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New Victory Blog

The New Victory Blog is a place to learn more about New York’s theater for families and the shows we produce. Find out what we do and what we’re passionate about—exploring the arts as a family.

Written by Michael Karas, Professional Juggler

My name is Michael Karas and I'm a professional juggler. You may have seen me last season in Bello Mania at the New Vic! I love juggling, but most people don’t know that much about it. Since the next show at The New Victory Theater, Water on Mars, is all about juggling, I wanted to take a few seconds to talk about four things you think you know about juggling—and show you why they're completely wrong. Check out the trailer for Water on Mars below and read on for some juggling mythbusting!

1. Juggling is for clowns.

For some reason, most people tend to think of clowns when they think of juggling. It's true that many clowns know how to juggle, but they often know how to do tons of other things, too. Clowns in the circus are often called upon to be multi-faceted performers, a fancy way of saying they're "jacks of all trades." However, most hardcore jugglers take juggling very seriously and rarely wear anything resembling a clown outfit. The jugglers in Water on Mars appreciate contemporary fashion and wear clothes that are comfortable and that make a statement. They dont consider themselves clowns, or even circus performers. They are jugglers, plain and simple. Their primary job is to make great theater using the art of throwing and catching objects.
 

2. Juggling is all about DANGER!

Michael Karas Juggler Michael Karas
Not true at all! As a juggler, I can tell you that juggling seven balls is way harder than juggling three knives or even four burning torches! While audiences seem to like the thrill of dangerous items being thrown around, the truth is that most jugglers can learn to juggle three knives or three torches in about a month. The juggling in Water on Mars, however, has taken decades to carefully craft, and these three gentlemen are certifiably the only trio who can do what they do. Thousands of jugglers can handle knives and torches; but Wes, Tony and Patrik have invented thousands of new tricks that never existed before they came along.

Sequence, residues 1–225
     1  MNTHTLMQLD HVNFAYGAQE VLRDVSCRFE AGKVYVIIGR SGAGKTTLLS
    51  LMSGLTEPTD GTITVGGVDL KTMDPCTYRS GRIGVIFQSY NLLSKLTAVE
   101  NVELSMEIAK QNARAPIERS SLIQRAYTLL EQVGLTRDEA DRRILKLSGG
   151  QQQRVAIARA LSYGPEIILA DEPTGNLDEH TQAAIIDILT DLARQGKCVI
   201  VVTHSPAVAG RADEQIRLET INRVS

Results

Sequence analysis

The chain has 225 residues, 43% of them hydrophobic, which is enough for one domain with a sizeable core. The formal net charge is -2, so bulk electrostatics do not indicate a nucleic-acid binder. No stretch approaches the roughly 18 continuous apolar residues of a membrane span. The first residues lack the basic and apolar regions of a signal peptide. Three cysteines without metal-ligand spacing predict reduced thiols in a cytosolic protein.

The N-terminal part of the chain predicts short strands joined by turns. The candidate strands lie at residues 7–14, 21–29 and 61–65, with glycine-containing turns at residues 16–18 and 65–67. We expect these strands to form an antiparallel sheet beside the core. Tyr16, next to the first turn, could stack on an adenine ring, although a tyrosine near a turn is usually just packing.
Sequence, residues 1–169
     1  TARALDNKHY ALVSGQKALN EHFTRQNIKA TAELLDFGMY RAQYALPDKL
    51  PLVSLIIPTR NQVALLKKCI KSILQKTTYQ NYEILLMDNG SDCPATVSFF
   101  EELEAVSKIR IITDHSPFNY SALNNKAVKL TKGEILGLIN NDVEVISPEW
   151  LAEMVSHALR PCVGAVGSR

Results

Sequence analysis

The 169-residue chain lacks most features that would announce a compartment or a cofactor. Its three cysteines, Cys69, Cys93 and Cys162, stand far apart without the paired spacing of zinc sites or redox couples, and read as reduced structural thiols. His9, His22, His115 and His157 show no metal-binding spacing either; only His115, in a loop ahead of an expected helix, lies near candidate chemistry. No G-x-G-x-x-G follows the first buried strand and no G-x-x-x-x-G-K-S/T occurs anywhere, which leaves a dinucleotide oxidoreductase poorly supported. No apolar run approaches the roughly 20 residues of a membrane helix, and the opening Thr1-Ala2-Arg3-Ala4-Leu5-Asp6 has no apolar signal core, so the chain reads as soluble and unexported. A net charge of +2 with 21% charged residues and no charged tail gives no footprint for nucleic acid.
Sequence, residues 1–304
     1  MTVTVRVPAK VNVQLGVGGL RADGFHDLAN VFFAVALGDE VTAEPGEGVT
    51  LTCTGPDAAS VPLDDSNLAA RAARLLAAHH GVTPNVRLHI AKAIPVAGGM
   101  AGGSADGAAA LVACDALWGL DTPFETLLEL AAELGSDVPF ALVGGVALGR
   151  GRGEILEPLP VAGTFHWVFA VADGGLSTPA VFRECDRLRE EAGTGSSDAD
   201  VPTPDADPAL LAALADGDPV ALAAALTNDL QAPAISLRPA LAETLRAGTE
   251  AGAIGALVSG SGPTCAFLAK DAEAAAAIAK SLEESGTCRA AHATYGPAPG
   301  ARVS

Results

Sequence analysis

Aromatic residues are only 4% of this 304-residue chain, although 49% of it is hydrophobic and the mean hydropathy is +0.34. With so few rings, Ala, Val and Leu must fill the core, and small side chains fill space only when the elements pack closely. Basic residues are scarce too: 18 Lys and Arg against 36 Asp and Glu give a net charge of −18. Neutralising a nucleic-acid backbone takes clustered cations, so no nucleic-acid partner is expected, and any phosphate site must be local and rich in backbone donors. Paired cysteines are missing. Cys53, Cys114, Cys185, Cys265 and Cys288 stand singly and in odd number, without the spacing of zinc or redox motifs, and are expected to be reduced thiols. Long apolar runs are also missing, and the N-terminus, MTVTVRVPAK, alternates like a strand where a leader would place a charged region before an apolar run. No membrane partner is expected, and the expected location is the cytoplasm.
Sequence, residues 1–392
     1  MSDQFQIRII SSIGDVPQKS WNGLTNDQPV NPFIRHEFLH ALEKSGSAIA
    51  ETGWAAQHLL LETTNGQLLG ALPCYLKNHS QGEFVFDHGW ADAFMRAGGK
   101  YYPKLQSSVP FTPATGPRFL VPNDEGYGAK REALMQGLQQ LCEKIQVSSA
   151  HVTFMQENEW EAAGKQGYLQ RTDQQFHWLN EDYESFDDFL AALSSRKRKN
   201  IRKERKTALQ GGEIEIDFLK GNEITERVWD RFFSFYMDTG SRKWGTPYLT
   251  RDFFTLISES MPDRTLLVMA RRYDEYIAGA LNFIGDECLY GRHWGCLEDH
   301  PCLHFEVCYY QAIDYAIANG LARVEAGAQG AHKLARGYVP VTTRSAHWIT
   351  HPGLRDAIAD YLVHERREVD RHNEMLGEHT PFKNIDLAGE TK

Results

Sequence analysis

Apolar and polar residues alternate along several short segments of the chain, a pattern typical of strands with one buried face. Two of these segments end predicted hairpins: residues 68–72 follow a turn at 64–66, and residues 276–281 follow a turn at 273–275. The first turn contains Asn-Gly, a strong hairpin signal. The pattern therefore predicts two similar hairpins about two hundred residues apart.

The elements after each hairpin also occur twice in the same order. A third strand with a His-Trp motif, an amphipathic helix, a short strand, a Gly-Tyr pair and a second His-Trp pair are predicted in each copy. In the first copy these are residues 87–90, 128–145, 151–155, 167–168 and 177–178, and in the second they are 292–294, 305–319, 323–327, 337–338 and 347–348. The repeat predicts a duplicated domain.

3. Jugglers always juggle the same stuff—balls, rings and clubs.

Or so you think! While many jugglers tend to stick to the three standards (balls, clubs and rings), contemporary juggling is questioning all those old ideas. Jay Gilligan, the juggler who trained Wes, Patrik and Tony, started a company called Renegade Design Lab that partnered with Renegade Juggling to research and create props that have never been used before. New ideas have emerged that will surprise you: clubs with cups for holding balls, interlocking rings that roll and even balls that spray water as they’re juggled! When props are needed faster than the manufacturing process allows, Wes tends to get out rolls of duct tape and tape props together, thus creating what I call "Frankenstein props" (some of which you’ll see in Water on Mars.) If you make it, they can juggle it! What are some things lying around the house that you can juggle? An apple, a toothbrush and a plastic plate, perhaps?
  Frankenstein Props
Tony, Patrik and Wes often use taped-together "Frankenstein props."

4. Juggling is boring.

I hear this all the time, "I like juggling for a couple minutes, but then I get bored." Most people think juggling is basically one or two patterns. Either you’re juggling objects in a circle or in a figure eight. Then you add another object… and rinse and repeat. If this is your view on juggling, I would beg you to reconsider and check out Water on Mars. These three guys are known and respected all over the world (yes, I happen to be a major fan) for their incredible invention of new ways of juggling. They're always teaching special workshops at juggling conventions about creative new tricks you can do, utilizing new techniques and mind-blowing body contortions. The reason I think this group is so special is that their show is, most importantly, fun and accessible to all audiences. They perform incredible feats, while simultaneously not taking themselves too seriously.

Juggling is my life—I've been doing it for 20 years. I've seen hundreds of jugglers from all over the world and I can tell you honestly… Water on Mars is a unique treat, and I will be in the audience more than a few times to witness this spectacle for myself. It's not often that New York City has the opportunity to play host to not one but three of the world's top jugglers. If you think you have a good sense of what juggling is, think again! These guys are taking the art of tossing and catching to new heights. Drop everything (pun intended) and come check out this crazy show! 

If you have any questions about juggling as an art, hobby or profession, comment below! I’d love to hear from you. If the question is "Should I learn to juggle?" then I'll save you some time. The answer is "YES! Start today!"
 
New Victory Thumb Put your newfound juggling knowledge to good use and come to see Water on Mars! Get your tickets today.